We aggregate cinema data. Our primary dataset includes movie showtimes, ticket prices and admissions. We combine this data with all sorts of supporting data, including data that we get from YouTube, Twitter and weather reports. The end result is a comprehensive time-series dataset describing the entire theatrical movie release window.
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The goal is to predict movie performance far into the future. Every time a person reserves or purchases a ticket from either of these cinemas, we capture a snapshot describing attributes of every seat in the auditorium. This adds up to 1.
We went through several providers:. Google 2. Amazon 3. We got USD k in startup credits from Google. This was the primary deciding factor for choosing their services. This was a known bug that is fixed in newer PostgreSQL versions. The lack of response from the support acknowledging the issue was a big enough red-flag to move on. I am glad we did move on, because it has been 8 months since we have raised the issue, and the version of PostgreSQL has not been updated:.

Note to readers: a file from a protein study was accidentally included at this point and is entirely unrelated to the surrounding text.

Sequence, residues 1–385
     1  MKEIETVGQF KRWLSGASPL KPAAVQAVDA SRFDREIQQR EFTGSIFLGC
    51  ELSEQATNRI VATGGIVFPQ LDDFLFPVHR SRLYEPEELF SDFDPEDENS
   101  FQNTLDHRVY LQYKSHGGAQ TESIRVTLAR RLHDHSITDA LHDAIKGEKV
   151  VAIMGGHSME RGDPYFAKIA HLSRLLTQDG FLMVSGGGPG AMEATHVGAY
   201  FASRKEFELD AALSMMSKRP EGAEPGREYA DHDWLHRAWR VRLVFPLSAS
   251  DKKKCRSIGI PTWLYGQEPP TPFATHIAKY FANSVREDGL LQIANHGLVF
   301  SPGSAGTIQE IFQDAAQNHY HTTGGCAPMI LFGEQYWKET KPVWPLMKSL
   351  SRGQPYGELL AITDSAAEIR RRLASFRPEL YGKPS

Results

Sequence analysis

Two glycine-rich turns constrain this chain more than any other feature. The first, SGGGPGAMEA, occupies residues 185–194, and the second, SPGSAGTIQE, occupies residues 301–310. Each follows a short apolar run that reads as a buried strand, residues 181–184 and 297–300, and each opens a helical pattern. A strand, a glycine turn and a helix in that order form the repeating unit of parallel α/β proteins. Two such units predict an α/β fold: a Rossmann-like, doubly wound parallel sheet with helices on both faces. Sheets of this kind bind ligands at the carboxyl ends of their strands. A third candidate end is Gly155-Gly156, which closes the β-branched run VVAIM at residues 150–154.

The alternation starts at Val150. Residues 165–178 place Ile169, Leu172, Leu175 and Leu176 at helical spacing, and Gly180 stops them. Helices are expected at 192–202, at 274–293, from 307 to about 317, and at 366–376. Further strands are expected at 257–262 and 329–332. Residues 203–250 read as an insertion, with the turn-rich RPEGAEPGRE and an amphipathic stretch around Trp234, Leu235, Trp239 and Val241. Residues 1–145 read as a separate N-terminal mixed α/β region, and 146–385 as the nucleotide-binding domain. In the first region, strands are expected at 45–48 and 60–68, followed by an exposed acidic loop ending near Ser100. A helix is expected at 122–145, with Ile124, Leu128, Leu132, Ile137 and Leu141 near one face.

As Amazon announced Timestream their own time-series database , it became clear that this requirement will not be addressed in the foreseeable future this issue has been already open for 2 years.
Then we moved to Aiven. It had all the extensions that I needed including TimescaleDB , it did not lock us in with a particular server provider meaning we could host our Kubernetes cluster on either of the Aiven. However, what I have overlooked is that you do not get superuser access.
This resulted in numerous issues e. When this happened, support offered to upgrade the instance to one with a larger volume. While this is a fine solution, it caused a longer than necessary outage. Someone with SSH access could have diagnosed and fixed this issue in couple of minutes. And when we started to experience continuous outages due to what later turned out to be a bug in TimescaleDB extension used by Aiven. Despite me giving shit to Aiven. Tolerating my questions that are already covered in documentation and aiding with troubleshooting issues.
All this time I was trying to avoid the unavoidable — managing the database ourselves. Now we are renting our own hardware and maintain the database.